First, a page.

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Primary Sources | Secondary Sources

Primary Sources: Original Documents in Electronic Format

Ackermann's Repository, or "The Repository of Arts, Literature, Commerce, Manufactures, Fashions and Politics" (40 volumes, 1809-1828) was an illustrated British periodical published by Rudolph Ackermann. It includes illustrations of furniture, interiors, architecture, fashion, sporting life, and more. The Internet Archive provides full text of the copy owned by the Philadelphia Museum of Art. See (1809) vol. 1, (1809) vol. 2, (1810) vol. 3, etc.

American Journeys: Eyewitness Accounts of Early American Exploration and Settlement, produced by the Wisconsin Historical Society, provides full text for over 150 books, manuscripts and travel narratives dating from 1000 to 1844. Images are searchable independently.

American Memory compiled by the Library of Congress National Digital Library, is a gateway to primary source materials regarding the history of the United States. Over nine million items are available through this project, and the ability to keyword search across all collections is available. Examples of specific collections follow. For broadsides and printed ephemera, see An American Time Capsule: Three Centuries of Broadsides and other Printed Ephemera. For 19th century periodicals, see The Nineteenth Century in Print: The Making of America in Books and Periodicals. For over 100 pamphlets and books concerning the experiences of slaves in the American Colonies and the United States, see Slaves and the Courts: 1740-1860. The Library of Congress also has a number of online exhibitions.

Colonial Connecticut Records (1636-1776) provides access to the public records of the Colony of Connecticut, including wills and inventories.

Curtis's Botanical Magazine (1801-1920) and its predecessor The Botanical Magazine (1787-1800) are available online through the Biodiversity Heritage Library. In addition, the Rare Books Collection of the USDA National Agricultural Library provides selected plates online from Curtis and other early natural history publications.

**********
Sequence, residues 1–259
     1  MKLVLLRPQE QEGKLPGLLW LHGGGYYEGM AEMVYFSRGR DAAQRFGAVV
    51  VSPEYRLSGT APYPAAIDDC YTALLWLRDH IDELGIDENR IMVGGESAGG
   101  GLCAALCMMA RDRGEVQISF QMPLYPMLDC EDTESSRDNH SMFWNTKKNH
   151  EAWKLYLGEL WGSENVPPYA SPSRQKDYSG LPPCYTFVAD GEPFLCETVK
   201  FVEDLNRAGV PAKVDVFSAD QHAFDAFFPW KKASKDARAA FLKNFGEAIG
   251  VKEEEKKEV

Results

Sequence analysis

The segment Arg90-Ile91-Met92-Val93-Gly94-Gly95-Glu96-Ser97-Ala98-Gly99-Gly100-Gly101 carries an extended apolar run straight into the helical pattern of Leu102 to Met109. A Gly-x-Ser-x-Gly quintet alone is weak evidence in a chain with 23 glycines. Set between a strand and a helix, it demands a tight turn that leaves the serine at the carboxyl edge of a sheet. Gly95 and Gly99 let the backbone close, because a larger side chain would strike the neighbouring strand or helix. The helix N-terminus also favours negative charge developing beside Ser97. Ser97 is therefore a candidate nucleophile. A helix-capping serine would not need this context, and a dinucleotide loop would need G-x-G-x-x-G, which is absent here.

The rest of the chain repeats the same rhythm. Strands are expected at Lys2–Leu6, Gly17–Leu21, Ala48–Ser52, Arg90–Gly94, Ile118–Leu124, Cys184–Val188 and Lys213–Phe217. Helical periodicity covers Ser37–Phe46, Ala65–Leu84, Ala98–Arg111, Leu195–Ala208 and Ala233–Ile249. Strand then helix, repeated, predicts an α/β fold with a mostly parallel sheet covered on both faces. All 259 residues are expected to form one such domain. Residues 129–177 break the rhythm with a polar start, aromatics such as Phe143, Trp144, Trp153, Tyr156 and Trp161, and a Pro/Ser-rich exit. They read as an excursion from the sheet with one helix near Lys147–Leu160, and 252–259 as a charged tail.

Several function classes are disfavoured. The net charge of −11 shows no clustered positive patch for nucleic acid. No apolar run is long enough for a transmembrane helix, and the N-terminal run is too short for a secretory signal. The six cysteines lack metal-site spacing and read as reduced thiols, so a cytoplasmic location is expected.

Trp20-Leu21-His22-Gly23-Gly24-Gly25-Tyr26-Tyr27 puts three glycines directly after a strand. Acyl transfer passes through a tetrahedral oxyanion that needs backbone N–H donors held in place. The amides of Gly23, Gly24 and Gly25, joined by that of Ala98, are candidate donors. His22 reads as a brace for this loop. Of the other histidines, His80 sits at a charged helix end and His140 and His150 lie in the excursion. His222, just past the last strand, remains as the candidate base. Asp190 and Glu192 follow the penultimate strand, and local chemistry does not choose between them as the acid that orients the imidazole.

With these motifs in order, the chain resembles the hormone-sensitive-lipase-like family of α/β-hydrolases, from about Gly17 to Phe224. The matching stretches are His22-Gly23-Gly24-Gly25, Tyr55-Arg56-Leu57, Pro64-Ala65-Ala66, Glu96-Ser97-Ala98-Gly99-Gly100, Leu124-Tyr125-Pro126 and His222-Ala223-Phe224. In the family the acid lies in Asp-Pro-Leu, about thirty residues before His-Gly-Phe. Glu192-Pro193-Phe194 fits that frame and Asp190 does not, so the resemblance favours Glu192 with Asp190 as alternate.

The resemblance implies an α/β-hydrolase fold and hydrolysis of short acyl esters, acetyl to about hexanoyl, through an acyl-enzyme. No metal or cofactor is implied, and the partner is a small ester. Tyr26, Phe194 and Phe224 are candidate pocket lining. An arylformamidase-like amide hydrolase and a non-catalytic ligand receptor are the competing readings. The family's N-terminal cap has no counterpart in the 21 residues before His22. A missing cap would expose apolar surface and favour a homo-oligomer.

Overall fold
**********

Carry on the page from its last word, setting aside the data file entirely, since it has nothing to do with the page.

Digital Library for the Decorative Arts and Material Culture Electronic Facsimiles is a collection of digitized texts from the University of Wisconsin Libraries and the Chipstone Foundation. [BROWSE] [SEARCH] [ABOUT] [SUBJECT GUIDES]

Documenting the American South from the University of North Carolina at Chapel Hill is a collection of digitized primary source materials focusing on Southern history and culture. Although not specifically concerned with the decorative arts, this site is useful for the history and literature of the area.

Dominy Craftsmen Collection provides digitized archival documents (accounts, letters, receipts), along with articles, a videotaped symposium at the East Hampton Historical Society, and more, relating to the Dominy family of East Hampton, New York. Three generations of Dominys functioned as craftsmen from ca. 1760 to ca. 1850. Their work included producing tall case clocks and furniture, repairing thousands of pocket watches, and supplying agricultural tools to farmers in East Hampton township.

Eighteenth-Century E-Texts is a listing of publicly available electronic texts, maintained by Prof. Jack Lynch of Rutgers University. Browse list by author name.